Even though Seconds has been criticized over the years and could not make a success at Cannes and the box office in those years, it is worth watching. As opposed to criticism about the main character, Arthur Hamilton/Tony Wilson (it was thought the transformation of the character was not convincing due to the actors’ physical differences), the film is extraordinary and different from those produced in the 1960s.
Personally, I paid much more attention to glowing cinematography and visually impressive scenes rather than the lack of similarities between Rock Hudson and John Randolph in the film. Howe’s camera techniques are highly innovative and beyond his era.
Seconds is a must-watch film at least once. No doubt, it will broaden your perspective and teach you the depth of cinema.
Rock Hudson (Antiochus “Tony” Wilson)
American good-looking actor, Rock Hudson (original name Roy Harold Scherer, Jr.) was born in Winnetka, Illinois in 1925.
He went to Hollywood in 1946 to pursue an acting career. He found a job as a truck driver, but he spent his free time handing out his photograph to film producers.
Despite the lack of training as an actor, Hudson found the opportunity of his life. He signed a contract with Warner Brothers to play his first role in Fighter Squadron (1948). Within a short period of time, he performed in numerous films including Magnificent Obsession (1954), All That Heaven Allows (1955), Written on the Wind (1956), Giant (1956), Pillow Talk (1959), Lover Come Back (1961), and Send Me No Flowers (1964). Seconds (1966) was one of the most challenging roles he had ever played. Hudson died of AIDS-related complications at 59.
John Randolph (Arthur Hamilton)
John Randolph was born in New York City in 1915. In the 1930s, he began his acting career. He played roles in many films, such as Serpico (1973), Prizzi’s Honor (1985), You’ve Got Mail (1998), and TV sitcoms, including The Bob Newhart Show, ER, Seinfeld, Roseanne, etc. In addition, he was seen on numerous local stages (in the musicals The Sound of Music, Paint Your Wagon, The Visit, Come Back, Little Sheba, and Command Decision).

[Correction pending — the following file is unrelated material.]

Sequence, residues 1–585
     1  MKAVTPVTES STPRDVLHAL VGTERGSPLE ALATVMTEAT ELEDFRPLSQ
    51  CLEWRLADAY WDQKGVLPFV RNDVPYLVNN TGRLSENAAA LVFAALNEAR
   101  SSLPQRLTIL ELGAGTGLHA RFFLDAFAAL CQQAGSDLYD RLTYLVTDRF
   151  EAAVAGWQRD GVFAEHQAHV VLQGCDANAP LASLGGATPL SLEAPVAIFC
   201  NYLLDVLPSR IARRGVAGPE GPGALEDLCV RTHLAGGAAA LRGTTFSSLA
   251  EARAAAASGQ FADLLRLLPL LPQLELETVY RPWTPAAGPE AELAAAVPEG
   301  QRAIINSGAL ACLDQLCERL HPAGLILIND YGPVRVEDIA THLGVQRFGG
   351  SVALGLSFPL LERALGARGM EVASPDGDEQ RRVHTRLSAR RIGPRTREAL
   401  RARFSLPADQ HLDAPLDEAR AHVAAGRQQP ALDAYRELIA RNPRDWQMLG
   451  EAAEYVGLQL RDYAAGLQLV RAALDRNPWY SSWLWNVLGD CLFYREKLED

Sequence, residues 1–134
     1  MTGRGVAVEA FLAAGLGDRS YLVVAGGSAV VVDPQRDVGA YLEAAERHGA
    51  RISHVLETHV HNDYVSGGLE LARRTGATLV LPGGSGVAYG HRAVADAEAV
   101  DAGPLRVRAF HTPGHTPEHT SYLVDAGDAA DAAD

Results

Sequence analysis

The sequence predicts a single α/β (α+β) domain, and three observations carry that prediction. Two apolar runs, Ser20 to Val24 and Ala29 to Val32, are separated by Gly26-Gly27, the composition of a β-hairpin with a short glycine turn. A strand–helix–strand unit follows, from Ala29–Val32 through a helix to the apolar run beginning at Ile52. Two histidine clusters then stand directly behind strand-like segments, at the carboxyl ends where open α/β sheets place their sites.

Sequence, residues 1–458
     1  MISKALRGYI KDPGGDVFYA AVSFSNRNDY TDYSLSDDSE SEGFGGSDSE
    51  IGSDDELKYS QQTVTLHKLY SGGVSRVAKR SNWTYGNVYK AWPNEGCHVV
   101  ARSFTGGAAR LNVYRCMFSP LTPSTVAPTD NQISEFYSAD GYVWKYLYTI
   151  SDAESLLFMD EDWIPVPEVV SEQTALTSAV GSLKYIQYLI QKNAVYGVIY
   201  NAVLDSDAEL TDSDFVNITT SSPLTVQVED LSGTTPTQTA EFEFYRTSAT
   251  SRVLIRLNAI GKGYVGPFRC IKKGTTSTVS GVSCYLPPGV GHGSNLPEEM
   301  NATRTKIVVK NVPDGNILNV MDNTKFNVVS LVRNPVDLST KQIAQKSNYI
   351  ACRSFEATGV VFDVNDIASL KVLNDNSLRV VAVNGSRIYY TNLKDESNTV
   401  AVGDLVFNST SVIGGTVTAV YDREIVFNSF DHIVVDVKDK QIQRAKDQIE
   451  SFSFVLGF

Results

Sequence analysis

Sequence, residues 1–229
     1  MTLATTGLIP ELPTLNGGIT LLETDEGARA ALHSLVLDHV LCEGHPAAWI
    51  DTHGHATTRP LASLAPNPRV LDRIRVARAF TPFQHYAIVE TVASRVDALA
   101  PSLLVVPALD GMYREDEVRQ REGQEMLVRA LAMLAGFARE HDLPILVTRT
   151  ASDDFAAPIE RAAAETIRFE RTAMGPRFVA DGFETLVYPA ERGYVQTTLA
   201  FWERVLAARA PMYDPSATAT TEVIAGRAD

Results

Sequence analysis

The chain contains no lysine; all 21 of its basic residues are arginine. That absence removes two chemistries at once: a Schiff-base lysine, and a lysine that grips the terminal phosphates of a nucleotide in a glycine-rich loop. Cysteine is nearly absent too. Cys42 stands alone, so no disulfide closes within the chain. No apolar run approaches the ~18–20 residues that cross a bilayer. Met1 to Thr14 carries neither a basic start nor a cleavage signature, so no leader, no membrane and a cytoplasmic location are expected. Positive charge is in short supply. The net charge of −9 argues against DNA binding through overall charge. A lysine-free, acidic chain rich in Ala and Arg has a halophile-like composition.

Aside from his acting career, he was also a social activist. He advocated world peace and civil rights. Randolph served on the board of directors of the Screen Actors Guild and the American Federation of Television and Radio Artists and Actors’ Equity.
James Wong Howe (Cinematographer)
A pioneer, legend, and innovator, James Wong Howe is one of the most renowned cinematographers in history.
He was born in Guangzhou, China in 1899. His family moved to the US when he was five years old. At 17, he started working as a cleaner at the Famous Players-Lasky Corporation where he had a chance to make connections with the most famous filmmakers of his generation. Later, he became an assistant cameraman, so the career which would change his life began.
He brought ground-breaking techniques to cinematography and offered unconventional approaches to the technology of film. He pioneered the wide-angle lens, low-key lighting, and deep focus. He was also one of the first cameramen to use a hand-held camera. He became an expert in black-and-white photography while working on films including Air Force (1943), The Power and the Glory (1933), Body and Soul (1947), Come Back, Little Sheba (1952), Sweet Smell of Success (1957), and Hud (1963), which earned Howe the 1963 Academy Award for Best Black-and-White Cinematography. In 1955, he had also earned an Oscar for his colour cinematography on The Rose Tattoo.
During his career, he worked on over 120 films. His most notable movies: The Thin Man (1934), The Prisoner of Zenda (1937), Fantasia (1940), Kings Row (1942), Yankee Doodle Dandy (1942), Air Force (1943), The Rose Tattoo (1955), Picnic (1955), Sweet Smell of Success (1957), Hud (1963), and Seconds (1966).
Seconds was his last black-and-white film and brought him a nomination for an Academy Award.
Notes by Fatma Ozen
October 2022 – April 2023